The randomized population was 60% male, 1% NYHA class II, 95% NYHA class III and 4% NYHA class IV, with a mean age of 57 years, and was generally treated with standard treatments for heart failure including diuretics (94%, almost all loop diuretics), beta-blockers (87%), angiotensin converting enzyme inhibitors (ACE-I; 78%), angiotensin II receptor blockers (ARBs; 28%), either ACE-I or ARB (93%), digitalis glycosides (62%) and aldosterone antagonists (39%).
The primary endpoint was a composite score consisting of all-cause mortality, first hospitalization for heart failure, and responses to the Minnesota Living with Heart Failure questionnaire. The trial was terminated early, at a mean follow-up of 12 months, primarily because of a statistically significant 43% reduction in all-cause mortality in the BiDil-treated group (p=0.012; see Table 2 and Figure 1). The primary endpoint was also statistically in favor of BiDil (p ≤ 0.021). The BiDil-treated group also showed a 39% reduction in the risk of a first hospitalization for heart failure (p<0.001; see Table 2 and Figure 2) and had statistically significant improvement in response to the Minnesota Living with Heart Failure questionnaire, a self-report of the patient's functional status, at most time points (see Figure 3). Patients in both treatment groups had mean baseline questionnaire scores of 51 (out of a possible 105).
Table 2: Results of A-HeFT (Intent-To-Treat Population)
|Hazard Ratio (95% CI)||P|
|All-cause mortality||6.2%||10.2%||0.57 (0.37, 0.89)||0.012|
|Hospitalization for heart failure||16.4%||24.4%||0.61 (0.46, 0.80)||<0.001|
FigureÂ 1:Â Kaplan-MeierÂ Plot of Time to Death by All Cause in Black Patients (A-HeFT)
FigureÂ 2:Â Kaplan-MeierÂ Plot of Time to First Hospitalization for Heart Failure in Black Patients (A-HeFT)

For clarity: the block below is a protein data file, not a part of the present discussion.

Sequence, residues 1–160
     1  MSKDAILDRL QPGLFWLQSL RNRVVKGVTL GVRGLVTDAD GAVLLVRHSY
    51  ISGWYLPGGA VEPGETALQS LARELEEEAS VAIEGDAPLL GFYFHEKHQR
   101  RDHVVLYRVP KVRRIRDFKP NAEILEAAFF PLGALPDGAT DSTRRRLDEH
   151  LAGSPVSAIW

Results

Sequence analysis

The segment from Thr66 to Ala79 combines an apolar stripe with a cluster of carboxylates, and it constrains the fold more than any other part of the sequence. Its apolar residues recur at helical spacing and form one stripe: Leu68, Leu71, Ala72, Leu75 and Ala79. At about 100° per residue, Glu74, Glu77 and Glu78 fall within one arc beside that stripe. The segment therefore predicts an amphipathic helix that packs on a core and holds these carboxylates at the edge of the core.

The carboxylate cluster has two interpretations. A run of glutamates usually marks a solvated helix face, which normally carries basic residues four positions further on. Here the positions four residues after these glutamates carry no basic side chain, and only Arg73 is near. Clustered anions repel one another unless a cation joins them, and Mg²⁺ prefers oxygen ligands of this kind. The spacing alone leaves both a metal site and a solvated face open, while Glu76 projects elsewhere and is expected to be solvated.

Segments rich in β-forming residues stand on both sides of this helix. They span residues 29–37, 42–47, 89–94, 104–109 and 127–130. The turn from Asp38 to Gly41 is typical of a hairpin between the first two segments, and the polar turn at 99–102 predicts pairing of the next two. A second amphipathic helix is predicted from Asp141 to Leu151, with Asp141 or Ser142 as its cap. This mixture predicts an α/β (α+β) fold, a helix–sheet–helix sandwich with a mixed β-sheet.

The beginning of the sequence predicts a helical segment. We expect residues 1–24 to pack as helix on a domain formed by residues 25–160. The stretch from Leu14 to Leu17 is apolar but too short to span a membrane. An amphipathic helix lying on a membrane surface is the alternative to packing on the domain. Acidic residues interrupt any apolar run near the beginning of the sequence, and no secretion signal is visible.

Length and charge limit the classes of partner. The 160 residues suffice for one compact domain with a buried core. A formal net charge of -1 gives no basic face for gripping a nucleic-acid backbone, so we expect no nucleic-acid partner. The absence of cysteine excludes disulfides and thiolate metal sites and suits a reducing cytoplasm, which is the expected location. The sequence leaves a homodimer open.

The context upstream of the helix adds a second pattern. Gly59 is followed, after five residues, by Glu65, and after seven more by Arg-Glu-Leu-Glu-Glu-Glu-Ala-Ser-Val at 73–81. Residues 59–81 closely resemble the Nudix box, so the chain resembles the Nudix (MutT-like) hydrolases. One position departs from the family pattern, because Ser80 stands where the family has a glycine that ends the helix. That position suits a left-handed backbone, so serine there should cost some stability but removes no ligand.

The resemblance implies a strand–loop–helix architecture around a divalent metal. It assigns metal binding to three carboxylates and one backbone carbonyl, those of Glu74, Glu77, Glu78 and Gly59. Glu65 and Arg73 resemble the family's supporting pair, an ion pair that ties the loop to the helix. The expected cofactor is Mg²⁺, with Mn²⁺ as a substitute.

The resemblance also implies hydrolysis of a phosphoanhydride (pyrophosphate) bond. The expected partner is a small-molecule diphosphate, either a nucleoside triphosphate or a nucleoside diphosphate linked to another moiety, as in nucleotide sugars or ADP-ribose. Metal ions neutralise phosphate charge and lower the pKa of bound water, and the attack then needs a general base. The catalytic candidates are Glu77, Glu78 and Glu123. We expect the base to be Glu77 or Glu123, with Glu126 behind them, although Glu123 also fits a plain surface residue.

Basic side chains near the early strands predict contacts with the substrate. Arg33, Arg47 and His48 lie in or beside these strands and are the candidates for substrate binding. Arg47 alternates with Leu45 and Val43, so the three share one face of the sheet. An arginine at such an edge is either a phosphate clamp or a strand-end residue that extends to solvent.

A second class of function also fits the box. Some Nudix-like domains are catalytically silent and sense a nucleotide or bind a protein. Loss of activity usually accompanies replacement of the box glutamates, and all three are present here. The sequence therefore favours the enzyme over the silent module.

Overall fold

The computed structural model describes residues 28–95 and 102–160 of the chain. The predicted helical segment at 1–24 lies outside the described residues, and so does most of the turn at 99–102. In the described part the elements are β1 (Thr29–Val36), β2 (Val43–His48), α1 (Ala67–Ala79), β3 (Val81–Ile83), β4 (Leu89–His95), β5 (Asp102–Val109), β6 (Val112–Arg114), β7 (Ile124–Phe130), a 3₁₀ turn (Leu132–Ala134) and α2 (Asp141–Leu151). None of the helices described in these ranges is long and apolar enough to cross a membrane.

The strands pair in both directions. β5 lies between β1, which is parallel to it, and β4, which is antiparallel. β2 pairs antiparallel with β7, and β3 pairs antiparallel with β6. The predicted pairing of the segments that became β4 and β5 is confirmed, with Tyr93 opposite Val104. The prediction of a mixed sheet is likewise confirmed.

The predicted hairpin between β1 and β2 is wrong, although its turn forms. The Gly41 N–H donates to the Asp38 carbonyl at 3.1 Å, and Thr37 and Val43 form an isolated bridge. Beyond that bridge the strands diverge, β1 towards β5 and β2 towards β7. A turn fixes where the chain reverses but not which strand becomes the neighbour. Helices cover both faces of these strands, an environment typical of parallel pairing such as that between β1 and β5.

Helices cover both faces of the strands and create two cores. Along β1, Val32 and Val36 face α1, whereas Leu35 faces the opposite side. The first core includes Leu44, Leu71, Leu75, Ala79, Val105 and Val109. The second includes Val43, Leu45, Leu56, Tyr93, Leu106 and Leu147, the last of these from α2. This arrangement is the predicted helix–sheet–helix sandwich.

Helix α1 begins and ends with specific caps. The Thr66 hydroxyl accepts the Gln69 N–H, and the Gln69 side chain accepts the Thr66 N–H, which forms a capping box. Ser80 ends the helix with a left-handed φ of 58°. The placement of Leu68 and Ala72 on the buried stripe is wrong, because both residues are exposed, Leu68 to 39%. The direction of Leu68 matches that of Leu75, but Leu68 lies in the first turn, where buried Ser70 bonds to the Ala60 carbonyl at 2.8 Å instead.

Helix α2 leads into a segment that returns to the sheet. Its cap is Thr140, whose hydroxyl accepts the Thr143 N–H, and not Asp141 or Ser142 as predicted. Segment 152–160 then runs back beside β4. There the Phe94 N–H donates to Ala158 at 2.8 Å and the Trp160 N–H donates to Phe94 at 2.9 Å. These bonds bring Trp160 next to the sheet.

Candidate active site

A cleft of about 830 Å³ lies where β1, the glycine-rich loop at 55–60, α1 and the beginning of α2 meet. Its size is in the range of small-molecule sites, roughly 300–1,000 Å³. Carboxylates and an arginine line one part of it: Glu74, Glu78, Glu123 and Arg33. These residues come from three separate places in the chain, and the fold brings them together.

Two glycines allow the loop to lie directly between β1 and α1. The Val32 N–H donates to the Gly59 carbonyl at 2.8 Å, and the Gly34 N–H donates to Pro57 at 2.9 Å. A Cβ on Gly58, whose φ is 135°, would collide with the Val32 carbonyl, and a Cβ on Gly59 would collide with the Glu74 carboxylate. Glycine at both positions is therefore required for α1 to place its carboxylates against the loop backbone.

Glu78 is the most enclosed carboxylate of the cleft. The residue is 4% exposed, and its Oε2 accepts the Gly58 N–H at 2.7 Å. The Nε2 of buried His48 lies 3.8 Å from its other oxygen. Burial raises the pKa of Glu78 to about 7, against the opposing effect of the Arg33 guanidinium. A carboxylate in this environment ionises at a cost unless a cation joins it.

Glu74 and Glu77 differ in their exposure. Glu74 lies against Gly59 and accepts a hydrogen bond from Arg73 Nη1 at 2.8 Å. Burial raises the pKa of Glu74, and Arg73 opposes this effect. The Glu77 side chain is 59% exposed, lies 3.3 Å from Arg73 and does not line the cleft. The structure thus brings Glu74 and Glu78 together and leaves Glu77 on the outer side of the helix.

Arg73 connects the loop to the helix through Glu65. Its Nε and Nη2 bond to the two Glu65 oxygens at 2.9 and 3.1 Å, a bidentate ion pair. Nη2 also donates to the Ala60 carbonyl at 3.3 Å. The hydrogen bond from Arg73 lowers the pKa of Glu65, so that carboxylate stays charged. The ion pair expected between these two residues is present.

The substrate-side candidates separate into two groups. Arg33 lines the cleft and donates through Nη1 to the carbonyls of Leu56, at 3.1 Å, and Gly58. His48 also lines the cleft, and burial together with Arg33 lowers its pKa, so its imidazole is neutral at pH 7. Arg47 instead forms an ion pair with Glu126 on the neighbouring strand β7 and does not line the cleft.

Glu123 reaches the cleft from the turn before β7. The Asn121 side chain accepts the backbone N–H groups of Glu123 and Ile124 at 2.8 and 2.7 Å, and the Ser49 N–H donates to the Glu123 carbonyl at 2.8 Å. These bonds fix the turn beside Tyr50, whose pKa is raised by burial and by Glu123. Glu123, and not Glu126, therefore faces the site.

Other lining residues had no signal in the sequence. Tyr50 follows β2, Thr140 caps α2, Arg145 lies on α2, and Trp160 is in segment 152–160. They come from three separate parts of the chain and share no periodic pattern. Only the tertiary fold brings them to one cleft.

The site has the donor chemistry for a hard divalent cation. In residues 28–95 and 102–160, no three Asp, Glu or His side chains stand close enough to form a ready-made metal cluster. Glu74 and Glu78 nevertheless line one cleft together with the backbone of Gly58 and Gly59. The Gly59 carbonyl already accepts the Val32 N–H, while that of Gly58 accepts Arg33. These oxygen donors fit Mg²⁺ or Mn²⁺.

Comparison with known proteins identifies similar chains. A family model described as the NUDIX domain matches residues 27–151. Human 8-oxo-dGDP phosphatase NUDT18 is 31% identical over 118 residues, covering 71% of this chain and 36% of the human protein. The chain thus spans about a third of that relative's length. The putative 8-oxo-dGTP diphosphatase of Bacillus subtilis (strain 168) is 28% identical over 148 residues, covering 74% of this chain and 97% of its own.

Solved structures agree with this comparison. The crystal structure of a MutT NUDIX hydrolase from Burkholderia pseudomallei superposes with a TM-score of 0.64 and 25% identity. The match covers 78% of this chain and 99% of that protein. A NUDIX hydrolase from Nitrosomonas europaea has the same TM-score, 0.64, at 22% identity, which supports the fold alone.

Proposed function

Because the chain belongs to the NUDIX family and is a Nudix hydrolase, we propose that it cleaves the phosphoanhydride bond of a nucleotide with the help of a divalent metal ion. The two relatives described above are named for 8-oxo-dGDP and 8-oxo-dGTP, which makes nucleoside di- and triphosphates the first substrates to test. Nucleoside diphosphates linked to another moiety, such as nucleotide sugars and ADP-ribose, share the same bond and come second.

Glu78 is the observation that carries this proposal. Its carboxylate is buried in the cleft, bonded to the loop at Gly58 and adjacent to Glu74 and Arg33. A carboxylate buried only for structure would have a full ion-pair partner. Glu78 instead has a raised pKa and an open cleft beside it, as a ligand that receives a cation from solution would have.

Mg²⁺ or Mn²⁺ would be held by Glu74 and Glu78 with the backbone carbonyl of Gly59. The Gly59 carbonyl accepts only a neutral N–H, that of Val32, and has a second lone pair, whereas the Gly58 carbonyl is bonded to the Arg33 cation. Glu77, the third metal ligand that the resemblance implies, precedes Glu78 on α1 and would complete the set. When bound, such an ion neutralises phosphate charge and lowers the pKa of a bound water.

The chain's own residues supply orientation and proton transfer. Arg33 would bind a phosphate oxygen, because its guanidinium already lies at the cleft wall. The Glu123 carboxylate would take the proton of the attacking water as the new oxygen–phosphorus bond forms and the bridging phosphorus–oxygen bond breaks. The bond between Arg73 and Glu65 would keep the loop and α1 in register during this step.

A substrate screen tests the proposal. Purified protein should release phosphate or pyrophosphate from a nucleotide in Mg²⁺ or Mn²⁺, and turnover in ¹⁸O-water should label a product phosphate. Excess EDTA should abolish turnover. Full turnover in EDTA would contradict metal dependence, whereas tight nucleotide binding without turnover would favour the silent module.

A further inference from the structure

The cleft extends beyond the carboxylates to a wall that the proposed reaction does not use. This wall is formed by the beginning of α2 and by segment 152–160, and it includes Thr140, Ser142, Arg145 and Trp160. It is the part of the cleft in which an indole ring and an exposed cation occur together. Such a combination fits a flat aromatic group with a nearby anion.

FigureÂ 3:Â Change in Minnesota Living With Heart Failure Score
Effects on survival and hospitalization for heart failure were similar in subgroups by age, gender, baseline disease, and use of concomitant medications, as shown in Figure 4.
FigureÂ 4:Â Results for Demographic, Baseline Medication and Characteristic Subgroups in Black PatientsÂ (A-HeFT)
Patients treated with BiDil in the A-HeFT study had randomly measured blood pressures on average 3/3 mmHg lower than did patients on placebo. The contribution of the difference in blood pressure to the overall outcome difference is unknown. Whether both hydralazine and isosorbide dinitrate contribute to the overall outcome difference has not been studied in outcome trials. Isosorbide dinitrate and hydralazine have not been systematically studied for the treatment of heart failure as separate agents, and neither drug is indicated for heart failure.
Patients should be informed of possible side effects and advised to take the medication regularly and continuously as directed.
Inform patients that headaches often accompany treatment with BiDil, especially during initiation of treatment. Advise patients to consult a physician to adjust the dose of BiDil if headache continues with repeated dosing.
Warn patients about lightheadedness on standing.
Advise patients that inadequate fluid intake or excessive fluid loss from perspiration, diarrhea or vomiting may lead to an excessive fall in blood pressure and cause lightheadedness or even syncope. If syncope does occur, advise patients to discontinue BiDil and notify their prescribing physician as soon as possible.
Advise patients to inform their physicians if they are taking, or planning to take, sildenafil, vardenafil, or tadalafil. Bidil should not be taken concomitantly with phosphodiesterase-5 inhibitors.
Worsening Ischemic Heart Disease
Advise patients to inform their physicians of any worsening of symptoms of myocardial ischemia, especially those with hypertrophic cardiomyopathy.
Systemic Lupus Erythematosus-like Symptoms
Advise patients if symptoms of peripheral neuritis - paresthesia, numbness, and tingling - occur to notify the prescribing physician.